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Archive for the African Wildlife Category
It’s with humility and immense pride that I can announce that my photograph ‘Living Rock Art‘ has won me the overall title of 2014 GDT European Wildlife Photographer of the Year.
The photograph is an artistic take on two blesbok antelope stampeding across the plains of South Africa’s Kariega Game Reserve. The shot was entered in the competition’s Nature’s Studio category before being awarded the overall title by the panel of judges. However, it’s a photo that very nearly didn’t happen…
I was in South Africa working on a story about the rhino poaching crisis and one particular rhino named Thandi that had survived a brutal attack by poachers. I think I had photographed Thandi from every possible angle so my guide – and now good friend – Brendon Jennings and I decided to take a break and explore the floodplains of the Bushman’s River. That’s when we found the herd of blesbok.
With the light on the plains fading fast, I decided to switch to a longer exposure and shoot in a more artistic style than my usual documentary approach. I stepped off the side of the vehicle to use the vehicle as a blind and to get a ground-level angle of the animals stampeding past. That’s when I heard a loud crack…
My ankle had turned in a hole. I landed in a heap in the dust. The pain was unbelievable but, fortunately, I had somehow planted my tripod and camera safely as I fell. I was able to sit up just in time to see the blesbok approaching. I grabbed my camera, locked my focus on them and panned smoothly as they careered past. Only once they had disappeared in a cloud of dust did I turn my attention to my injuries.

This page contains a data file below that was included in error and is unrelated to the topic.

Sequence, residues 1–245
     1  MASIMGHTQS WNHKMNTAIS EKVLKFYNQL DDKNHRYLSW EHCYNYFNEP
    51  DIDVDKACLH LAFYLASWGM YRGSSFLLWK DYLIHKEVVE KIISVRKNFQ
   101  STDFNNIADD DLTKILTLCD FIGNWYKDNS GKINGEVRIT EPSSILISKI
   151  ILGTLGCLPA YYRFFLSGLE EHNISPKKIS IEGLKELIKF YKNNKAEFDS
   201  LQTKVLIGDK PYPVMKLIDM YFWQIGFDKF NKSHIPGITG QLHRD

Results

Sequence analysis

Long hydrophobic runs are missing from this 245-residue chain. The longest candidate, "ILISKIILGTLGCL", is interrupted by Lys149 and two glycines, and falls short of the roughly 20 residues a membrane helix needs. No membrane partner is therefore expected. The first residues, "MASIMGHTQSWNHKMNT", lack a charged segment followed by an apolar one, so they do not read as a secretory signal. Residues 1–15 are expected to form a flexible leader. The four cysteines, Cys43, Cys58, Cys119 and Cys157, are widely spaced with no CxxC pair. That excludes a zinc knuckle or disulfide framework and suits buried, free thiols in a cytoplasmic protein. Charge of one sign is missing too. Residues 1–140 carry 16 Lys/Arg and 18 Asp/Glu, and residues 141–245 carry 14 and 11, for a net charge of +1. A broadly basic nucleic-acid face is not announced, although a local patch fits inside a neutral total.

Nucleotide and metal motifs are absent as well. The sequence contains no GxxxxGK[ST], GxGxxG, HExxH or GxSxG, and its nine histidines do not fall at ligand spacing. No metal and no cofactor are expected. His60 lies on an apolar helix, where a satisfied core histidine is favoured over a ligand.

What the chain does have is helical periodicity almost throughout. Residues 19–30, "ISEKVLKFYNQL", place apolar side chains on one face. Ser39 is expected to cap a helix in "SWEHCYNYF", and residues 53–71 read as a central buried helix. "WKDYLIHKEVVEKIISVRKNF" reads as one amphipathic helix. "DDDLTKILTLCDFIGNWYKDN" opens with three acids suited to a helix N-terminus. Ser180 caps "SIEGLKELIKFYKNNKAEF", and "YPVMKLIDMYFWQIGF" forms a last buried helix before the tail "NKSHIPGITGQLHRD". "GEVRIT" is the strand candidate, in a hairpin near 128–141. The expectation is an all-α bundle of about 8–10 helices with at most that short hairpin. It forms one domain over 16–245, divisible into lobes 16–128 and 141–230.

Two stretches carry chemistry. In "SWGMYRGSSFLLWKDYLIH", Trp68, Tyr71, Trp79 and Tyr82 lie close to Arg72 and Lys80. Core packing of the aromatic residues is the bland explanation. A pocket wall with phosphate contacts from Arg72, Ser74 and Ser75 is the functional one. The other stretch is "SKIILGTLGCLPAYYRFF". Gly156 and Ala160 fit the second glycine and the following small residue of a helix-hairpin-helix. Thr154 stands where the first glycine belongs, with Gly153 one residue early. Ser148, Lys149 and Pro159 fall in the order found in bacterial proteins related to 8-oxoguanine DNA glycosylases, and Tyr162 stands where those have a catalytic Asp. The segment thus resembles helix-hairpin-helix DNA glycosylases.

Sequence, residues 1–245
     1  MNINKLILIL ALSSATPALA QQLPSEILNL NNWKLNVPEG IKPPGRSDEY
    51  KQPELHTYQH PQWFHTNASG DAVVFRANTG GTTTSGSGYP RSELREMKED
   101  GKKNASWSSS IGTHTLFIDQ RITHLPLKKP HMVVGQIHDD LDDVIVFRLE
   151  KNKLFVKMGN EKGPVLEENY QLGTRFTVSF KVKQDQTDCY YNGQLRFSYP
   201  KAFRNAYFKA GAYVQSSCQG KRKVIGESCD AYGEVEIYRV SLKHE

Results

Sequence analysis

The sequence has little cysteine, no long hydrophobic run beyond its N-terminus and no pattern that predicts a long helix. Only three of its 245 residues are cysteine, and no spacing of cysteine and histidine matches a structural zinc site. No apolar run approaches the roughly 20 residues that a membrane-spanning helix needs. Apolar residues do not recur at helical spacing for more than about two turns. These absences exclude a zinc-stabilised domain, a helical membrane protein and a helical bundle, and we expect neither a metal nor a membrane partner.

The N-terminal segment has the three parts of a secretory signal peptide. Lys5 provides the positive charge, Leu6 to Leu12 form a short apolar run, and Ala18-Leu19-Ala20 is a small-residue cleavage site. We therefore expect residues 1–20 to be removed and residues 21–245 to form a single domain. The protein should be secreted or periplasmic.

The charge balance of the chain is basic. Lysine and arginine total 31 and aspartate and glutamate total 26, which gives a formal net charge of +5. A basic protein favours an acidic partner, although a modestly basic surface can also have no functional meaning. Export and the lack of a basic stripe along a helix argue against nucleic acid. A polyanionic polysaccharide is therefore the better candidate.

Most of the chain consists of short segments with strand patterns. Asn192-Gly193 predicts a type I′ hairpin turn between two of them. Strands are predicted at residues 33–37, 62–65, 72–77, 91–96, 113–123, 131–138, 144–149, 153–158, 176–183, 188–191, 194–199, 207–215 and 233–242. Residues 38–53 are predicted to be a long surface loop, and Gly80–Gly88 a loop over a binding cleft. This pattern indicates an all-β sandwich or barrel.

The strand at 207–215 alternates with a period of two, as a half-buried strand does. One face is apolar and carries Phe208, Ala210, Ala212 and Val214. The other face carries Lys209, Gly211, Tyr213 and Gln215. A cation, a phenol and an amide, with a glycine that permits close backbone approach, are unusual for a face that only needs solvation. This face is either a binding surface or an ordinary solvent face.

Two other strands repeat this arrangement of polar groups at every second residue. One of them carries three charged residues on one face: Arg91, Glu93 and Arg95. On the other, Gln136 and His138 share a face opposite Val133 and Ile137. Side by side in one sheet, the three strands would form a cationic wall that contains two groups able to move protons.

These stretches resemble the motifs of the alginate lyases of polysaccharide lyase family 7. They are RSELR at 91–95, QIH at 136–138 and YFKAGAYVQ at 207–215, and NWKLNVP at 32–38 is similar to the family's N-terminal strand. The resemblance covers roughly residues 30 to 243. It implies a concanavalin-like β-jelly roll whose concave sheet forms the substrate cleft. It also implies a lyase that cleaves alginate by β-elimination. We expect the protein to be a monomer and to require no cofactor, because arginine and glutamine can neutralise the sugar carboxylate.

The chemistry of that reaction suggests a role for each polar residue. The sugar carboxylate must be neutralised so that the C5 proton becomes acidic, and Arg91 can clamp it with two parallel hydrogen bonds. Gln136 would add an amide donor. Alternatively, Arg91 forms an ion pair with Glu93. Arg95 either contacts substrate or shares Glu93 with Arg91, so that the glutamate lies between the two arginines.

My fall may have been but the picture was no accident. It won’t be everyone’s cup of tea, I know that, but I was working hard to capture their movement in a still photograph. What I hadn’t banked on was that the shapes created by their striking black and white leg markings would so closely resemble Bushman rock art, which influenced the title of the image.
I collected my prize in Lunen, Germany at a ceremony marking the competition’s 14th year surrounded by incredibly talented photographers that I have nothing but respect for…which makes this win all the more special.
I’m pleased to say that my success in the competition was not just restricted to Africa’s plains. My photograph of a shoal of tiny Okavango robber fish swimming up the Selinda Spillway in northern Botswana was selected as Highly Commended in the Underwater category too.
All of the winning images can be seen on the competition’s website www.gdtfoto.de
You can see my winning shots and more on my website www.conservationphotojournalism.com
I’ve teamed up with friends at ODPSafaris and Pangolin Photo Safaris to offer two exciting photo safaris to Botswana in June 2015. Both tours will give you the chance to join me in the famous Okavango Delta and vast Chobe National Park as we go in search for elephants, fish eagles and my own favourite species, the African wild dog, amongst others.
Combining these two exceptionally diverse destinations in one tour puts this safari head and shoulders above others. Both the Okavango and Chobe offer unequaled opportunities to experience and photograph Botswana’s incredible wildlife. While staying in Chobe we will make the most of both land and water based activities. This includes shooting elephants and other visitors to a waterhole from a bunker hide and utilising the famous Pangolin photography boat, which is equipped with swivel chairs and gimbal heads built into a sturdy photographic setup that will offer the best possible solution for your needs.